Generator Control Circuit Malfunction (P0620 Code Troubleshooting)

generator control circuit malfunction

If you’ve encountered the dreaded P0620 code, you’re likely facing a malfunction in the generator control circuit of your vehicle.

This generic powertrain code, also known as “Alternator Control Circuit Malfunction,” is stored when the PCM (Powertrain Control Module) detects an issue in the circuits responsible for controlling and regulating the output current of the alternator.

While diagnosing and repairing this code can be complex, this comprehensive guide will provide you with the necessary information to troubleshoot and resolve the P0620 code effectively.

Understanding the P0620 Code

The alternator plays a crucial role in your vehicle’s electrical system, supplying power to various components and charging the battery.

The control module, often incorporated into the PCM, oversees the operation and output of the alternator.

It precisely regulates the alternator to generate the required current based on the vehicle’s power demands, optimizing fuel efficiency and component longevity.

However, if a failure or malfunction occurs in any circuit or component involved in controlling the alternator, it can disrupt the power supply to different control modules, affecting the overall functioning of your vehicle.

The P0620 code is triggered when the PCM or another affected control module detects a fault in the circuits responsible for controlling or regulating the alternator’s output current.

Common Causes of the P0620 Code

To effectively diagnose and resolve the P0620 code, it’s important to understand the common causes behind this malfunction.

While the specific causes may vary depending on your vehicle make and model, the following are some potential culprits:

  1. Defective Alternator: A faulty alternator can lead to irregular output current, triggering the P0620 code. Insufficient charging or overcharging of the battery can result from a malfunctioning alternator.
  2. Defective Alternator Control Module: The control module responsible for regulating the alternator’s operation may experience internal faults or programming errors, leading to the P0620 code.
  3. Wiring Issues: Damaged, burnt, shorted, disconnected, or corroded wiring and connectors within the alternator control circuit can disrupt the flow of electrical signals and trigger the P0620 code.
  4. Voltage Spikes: Improper jump starting procedures or voltage spikes can occur during battery replacement or electrical system repairs. These voltage spikes can damage control modules, including the PCM and alternator control module, leading to the P0620 code.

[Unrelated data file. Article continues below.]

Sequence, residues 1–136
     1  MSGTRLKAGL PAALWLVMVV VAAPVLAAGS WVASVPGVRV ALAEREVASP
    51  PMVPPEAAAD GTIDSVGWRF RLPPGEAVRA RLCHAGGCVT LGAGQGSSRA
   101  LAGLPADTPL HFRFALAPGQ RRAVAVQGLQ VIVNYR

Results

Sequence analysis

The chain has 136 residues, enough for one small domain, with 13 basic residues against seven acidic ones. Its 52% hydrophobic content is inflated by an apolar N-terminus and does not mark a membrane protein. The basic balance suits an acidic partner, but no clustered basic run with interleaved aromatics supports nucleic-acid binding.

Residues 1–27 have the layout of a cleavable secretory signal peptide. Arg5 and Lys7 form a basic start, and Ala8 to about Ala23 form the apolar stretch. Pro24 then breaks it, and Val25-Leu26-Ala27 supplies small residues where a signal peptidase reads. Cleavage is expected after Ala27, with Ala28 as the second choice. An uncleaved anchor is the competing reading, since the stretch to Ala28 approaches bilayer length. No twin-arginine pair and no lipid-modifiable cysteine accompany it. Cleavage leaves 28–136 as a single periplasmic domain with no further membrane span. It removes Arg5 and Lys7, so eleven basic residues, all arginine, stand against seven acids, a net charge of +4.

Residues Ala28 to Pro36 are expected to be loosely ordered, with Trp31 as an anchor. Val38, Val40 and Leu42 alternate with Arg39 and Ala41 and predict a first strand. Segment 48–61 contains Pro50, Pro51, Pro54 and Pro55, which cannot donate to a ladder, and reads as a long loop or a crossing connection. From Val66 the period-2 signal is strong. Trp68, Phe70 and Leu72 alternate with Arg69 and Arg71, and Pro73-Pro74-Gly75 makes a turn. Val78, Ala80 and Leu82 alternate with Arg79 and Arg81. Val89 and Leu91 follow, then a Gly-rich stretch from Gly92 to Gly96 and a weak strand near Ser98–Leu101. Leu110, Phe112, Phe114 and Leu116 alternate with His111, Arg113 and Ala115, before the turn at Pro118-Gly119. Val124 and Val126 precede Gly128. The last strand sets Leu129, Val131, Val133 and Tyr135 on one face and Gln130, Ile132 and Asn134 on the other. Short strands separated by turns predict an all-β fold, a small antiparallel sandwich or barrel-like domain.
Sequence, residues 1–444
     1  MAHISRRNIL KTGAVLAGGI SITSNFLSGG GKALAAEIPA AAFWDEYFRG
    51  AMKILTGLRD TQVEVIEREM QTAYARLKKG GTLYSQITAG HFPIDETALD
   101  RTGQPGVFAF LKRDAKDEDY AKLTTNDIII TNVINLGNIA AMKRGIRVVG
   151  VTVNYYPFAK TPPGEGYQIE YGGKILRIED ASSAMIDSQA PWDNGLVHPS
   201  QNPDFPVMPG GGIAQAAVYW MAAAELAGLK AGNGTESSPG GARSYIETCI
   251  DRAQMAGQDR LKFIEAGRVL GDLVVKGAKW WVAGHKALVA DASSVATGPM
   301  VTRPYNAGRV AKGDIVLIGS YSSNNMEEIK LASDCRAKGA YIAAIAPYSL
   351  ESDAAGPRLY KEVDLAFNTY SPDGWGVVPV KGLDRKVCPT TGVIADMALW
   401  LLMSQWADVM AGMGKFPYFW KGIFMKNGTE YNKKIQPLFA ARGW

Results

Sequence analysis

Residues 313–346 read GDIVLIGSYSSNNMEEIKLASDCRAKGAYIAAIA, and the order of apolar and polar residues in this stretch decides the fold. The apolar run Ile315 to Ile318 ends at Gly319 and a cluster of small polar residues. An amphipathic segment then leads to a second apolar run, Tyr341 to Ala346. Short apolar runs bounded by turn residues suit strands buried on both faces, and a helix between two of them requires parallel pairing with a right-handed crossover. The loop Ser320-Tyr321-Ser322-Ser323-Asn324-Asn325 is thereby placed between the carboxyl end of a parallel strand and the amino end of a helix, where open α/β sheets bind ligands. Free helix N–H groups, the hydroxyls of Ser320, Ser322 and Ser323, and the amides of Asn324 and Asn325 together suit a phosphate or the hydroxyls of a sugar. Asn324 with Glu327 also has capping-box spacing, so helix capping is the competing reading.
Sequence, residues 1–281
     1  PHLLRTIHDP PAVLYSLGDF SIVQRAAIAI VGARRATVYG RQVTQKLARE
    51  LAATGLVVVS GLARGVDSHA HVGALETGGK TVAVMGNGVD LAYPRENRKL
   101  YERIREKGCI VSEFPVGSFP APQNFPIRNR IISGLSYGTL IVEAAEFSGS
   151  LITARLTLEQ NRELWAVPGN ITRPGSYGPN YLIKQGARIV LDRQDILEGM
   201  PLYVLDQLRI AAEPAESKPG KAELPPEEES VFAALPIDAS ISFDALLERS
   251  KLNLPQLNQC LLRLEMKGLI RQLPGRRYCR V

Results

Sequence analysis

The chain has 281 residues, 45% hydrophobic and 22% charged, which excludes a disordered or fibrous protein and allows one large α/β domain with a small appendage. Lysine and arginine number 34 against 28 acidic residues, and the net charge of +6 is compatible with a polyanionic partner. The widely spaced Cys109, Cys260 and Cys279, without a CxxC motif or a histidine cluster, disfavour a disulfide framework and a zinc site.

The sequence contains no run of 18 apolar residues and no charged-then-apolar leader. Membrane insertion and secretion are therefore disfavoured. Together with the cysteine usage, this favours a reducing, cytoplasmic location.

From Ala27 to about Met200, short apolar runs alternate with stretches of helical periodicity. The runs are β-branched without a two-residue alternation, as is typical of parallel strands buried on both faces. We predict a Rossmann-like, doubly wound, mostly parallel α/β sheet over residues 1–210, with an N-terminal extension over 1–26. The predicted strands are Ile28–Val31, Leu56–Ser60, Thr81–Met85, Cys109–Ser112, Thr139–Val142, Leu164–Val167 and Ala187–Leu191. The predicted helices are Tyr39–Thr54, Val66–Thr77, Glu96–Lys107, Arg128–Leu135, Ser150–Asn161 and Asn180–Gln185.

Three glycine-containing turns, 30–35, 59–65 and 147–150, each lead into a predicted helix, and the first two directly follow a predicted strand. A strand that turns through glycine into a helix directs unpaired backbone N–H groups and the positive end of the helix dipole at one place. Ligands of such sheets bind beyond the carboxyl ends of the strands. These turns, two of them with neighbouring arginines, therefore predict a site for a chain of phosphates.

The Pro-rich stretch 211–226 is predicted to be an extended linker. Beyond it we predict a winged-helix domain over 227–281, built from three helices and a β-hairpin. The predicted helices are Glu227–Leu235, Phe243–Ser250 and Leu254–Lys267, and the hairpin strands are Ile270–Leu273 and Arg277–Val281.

5. Battery Defects: Internal short circuits or other defects within the battery can cause damage to control modules, including the PCM and alternator control module, resulting in the P0620 code.

Symptoms of the P0620 Code

When the P0620 code is present, you may experience various symptoms indicating a malfunction in the generator control circuit.

While the specific symptoms can vary depending on your vehicle, some common indicators of the P0620 code include:

  1. Illuminated Warning Light: The check engine light or battery/charging light may illuminate on the dashboard, signaling a detected fault in the generator control circuit.
  2. Additional Trouble Codes: Along with the P0620 code, other related trouble codes may be stored in the PCM. These codes can provide further insight into the specific areas of concern within the electrical system.
  3. Abnormal System Voltages: The electrical system may exhibit abnormally high or low voltages, affecting the performance of various components and systems.
  4. Battery Damage: Depending on the nature of the malfunction, the battery may suffer damage or experience irregular charging, leading to diminished performance and potential starting or power supply issues.

Diagnosing the P0620 Code

To pinpoint the exact cause of the P0620 code, a systematic diagnostic process is required.

While professional diagnostic equipment and expertise are recommended for thorough diagnosis, here are some general steps to help you get started:

  1. Scan for Trouble Codes: Use an OBD-II scanner to retrieve all stored trouble codes, including the P0620 code. Write down the codes and freeze frame data for reference during the diagnostic process.